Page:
Long before the Internet and pocket computers, advertising tycoon David Ogilvy said, “The more informative your advertising, the more persuasive it will be." That is still true when it comes to marketing to healthcare professionals.
They are education junkies. They know that consumers trust them more than anyone else to recommend what’s best. And the more health professionals know about your brand or product, the more likely it will be that they recommend it. Period.
Last month, we spent three days with 700 dietitians at the 2017 Today’s Dietitian Symposium in New Orleans getting their education fix. Though “Huge Ass Beers” was just down the street from the hotel, these dedicated professionals were eager to sit through 90-minute presentations in conference rooms and talk with brands on a trade show floor to gain a better understanding of how they can best help their patients and clients.
If you’re not educating health professionals about the health and nutrition benefits of your product, you’re missing a huge (dare we say huge-ass?) opportunity. Here’s how to do it.
Don’t market to them like ordinary consumers
Health professionals are dedicated to continuous learning. They want to know all they can about the options their clients face at the supermarket. The bottom line is this: Less is not more when marketing to them.
Take a look at advertisements from the 1940s and ‘50s. Most consumers would give the copy-filled pages 0% of their time. Not these consumers. When writing for healthcare professionals, use Ogilvy’s old-fashioned equation: informative = persuasive.
Share the details
These are smart, curious people who want the kind of resources they can leverage in their day-to-day practice. So, get down into the weeds a bit. Provide context, use charts and graphs, introduce new terms — health professionals can not only handle it, they want it. If you feel like you’re giving too much, you’re giving enough.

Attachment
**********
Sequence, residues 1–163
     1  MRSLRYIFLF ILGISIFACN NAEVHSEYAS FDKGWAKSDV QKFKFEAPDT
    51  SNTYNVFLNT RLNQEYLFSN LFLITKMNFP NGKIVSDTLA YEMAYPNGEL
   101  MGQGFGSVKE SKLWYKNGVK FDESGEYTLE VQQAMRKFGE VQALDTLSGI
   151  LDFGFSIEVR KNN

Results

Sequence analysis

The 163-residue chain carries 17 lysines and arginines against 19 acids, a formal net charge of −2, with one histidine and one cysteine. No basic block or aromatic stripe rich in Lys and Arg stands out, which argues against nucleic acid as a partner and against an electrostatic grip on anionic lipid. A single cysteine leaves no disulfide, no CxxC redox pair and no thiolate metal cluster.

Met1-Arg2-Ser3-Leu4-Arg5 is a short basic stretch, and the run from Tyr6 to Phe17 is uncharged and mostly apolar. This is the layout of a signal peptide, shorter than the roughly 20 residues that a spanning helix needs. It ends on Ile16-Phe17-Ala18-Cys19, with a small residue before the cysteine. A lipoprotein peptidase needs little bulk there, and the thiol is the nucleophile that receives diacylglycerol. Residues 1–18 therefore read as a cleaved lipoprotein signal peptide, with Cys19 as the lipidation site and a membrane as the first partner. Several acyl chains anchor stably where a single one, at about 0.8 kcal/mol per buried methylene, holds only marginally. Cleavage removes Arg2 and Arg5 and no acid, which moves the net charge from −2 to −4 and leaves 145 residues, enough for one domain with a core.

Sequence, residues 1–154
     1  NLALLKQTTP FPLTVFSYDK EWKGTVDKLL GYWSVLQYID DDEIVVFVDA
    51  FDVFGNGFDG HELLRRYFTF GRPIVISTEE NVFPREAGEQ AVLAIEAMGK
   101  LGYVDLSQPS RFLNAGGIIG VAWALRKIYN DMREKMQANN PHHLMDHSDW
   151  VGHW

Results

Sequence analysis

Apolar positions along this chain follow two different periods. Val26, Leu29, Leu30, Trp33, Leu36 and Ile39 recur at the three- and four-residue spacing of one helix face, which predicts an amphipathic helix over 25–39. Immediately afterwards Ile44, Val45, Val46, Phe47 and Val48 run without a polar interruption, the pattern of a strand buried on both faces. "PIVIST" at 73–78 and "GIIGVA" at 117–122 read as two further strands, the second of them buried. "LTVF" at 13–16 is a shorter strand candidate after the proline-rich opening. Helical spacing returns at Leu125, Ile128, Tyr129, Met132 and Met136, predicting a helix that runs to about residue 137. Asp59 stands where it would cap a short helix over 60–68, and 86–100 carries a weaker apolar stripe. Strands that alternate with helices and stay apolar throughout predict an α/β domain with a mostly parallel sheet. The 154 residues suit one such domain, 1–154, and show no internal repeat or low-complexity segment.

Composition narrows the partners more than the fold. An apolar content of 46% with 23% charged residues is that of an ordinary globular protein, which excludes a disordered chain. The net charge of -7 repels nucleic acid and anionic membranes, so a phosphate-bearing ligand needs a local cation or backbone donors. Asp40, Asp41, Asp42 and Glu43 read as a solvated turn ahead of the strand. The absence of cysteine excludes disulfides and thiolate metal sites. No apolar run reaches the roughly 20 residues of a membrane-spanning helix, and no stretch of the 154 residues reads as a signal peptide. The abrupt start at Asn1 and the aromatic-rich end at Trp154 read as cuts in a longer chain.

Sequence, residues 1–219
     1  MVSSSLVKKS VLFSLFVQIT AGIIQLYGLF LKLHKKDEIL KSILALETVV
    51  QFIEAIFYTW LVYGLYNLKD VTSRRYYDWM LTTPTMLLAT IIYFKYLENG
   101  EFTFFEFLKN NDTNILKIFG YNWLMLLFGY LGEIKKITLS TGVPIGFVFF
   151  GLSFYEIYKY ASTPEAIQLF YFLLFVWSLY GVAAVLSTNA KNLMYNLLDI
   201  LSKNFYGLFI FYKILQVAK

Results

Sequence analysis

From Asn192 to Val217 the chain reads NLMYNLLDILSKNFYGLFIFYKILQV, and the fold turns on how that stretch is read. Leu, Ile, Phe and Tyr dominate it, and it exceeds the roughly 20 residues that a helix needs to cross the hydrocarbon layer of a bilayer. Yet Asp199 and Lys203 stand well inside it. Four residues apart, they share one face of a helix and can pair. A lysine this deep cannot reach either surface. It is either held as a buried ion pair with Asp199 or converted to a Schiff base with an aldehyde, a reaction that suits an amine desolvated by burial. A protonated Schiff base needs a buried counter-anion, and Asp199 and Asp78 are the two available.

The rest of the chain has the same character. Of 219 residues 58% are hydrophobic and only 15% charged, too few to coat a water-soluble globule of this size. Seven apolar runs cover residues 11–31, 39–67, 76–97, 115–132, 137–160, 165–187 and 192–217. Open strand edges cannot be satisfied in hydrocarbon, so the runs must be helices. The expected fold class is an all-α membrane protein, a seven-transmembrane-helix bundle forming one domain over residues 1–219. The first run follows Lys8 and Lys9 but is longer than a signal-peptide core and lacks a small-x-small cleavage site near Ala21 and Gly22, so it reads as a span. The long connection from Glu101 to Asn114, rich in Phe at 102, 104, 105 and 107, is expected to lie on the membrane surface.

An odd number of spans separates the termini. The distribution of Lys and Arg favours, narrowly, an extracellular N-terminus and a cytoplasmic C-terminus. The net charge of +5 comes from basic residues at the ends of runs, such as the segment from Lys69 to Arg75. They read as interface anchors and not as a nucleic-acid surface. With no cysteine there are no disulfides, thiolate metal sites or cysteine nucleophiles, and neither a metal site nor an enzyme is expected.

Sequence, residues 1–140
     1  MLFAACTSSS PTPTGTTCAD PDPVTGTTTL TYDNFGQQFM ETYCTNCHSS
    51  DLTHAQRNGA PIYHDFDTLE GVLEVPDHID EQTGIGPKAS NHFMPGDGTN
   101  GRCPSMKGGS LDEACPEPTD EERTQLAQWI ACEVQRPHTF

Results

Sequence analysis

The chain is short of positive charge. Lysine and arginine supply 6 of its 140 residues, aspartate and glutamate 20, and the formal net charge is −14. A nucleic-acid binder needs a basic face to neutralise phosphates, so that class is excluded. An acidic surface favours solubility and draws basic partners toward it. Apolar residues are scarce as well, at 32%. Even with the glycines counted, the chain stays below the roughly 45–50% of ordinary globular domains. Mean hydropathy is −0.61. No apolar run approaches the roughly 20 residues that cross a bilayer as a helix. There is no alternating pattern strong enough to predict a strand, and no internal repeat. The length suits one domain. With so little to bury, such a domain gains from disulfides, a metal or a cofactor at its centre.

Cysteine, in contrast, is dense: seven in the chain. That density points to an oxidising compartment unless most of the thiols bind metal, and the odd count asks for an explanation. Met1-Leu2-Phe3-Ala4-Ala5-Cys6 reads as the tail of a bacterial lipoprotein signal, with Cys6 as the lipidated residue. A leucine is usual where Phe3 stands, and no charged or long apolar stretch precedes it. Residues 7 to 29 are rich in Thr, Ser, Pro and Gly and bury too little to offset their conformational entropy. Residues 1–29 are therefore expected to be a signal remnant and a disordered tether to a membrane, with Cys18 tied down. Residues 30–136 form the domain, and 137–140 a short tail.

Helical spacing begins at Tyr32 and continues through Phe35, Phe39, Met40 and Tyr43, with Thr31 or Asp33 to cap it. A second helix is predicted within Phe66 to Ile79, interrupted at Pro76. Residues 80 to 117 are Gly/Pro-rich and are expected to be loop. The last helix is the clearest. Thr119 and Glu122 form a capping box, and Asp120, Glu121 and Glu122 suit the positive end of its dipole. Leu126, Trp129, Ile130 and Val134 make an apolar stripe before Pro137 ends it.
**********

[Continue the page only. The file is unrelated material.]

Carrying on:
Add value to their client interactions
Think samples, coupons, pamphlets, brochures, one-pagers, and other physical pieces of information that health professionals can literally hand to their clients during a face-to-face conversation. Once they know enough about the health and nutrition benefits of your brand or product, there’s a chance you’ll make it into that verbal exchange. But by providing a dietician, for example, with paper-based information, you’re guaranteed to add value.
Make it a two-way situation
Like most curious learners, health professionals want to ask questions and give their feedback. For brands, this may be done through surveys, online forums, even webinars or Twitter chats. Don’t stop with promotional materials. Make it possible for health professionals to talk to you, too.
Brands, you have willing, eager consumers of information — and consumers themselves — who want to understand the health and nutrition benefits of your brand, product, or service. And they want to understand it so well that they can teach it to their clients, who are also consumers. Why wouldn’t you want to take advantage of this?
It’s time to channel your inner Ogilvy. What’s old is new again!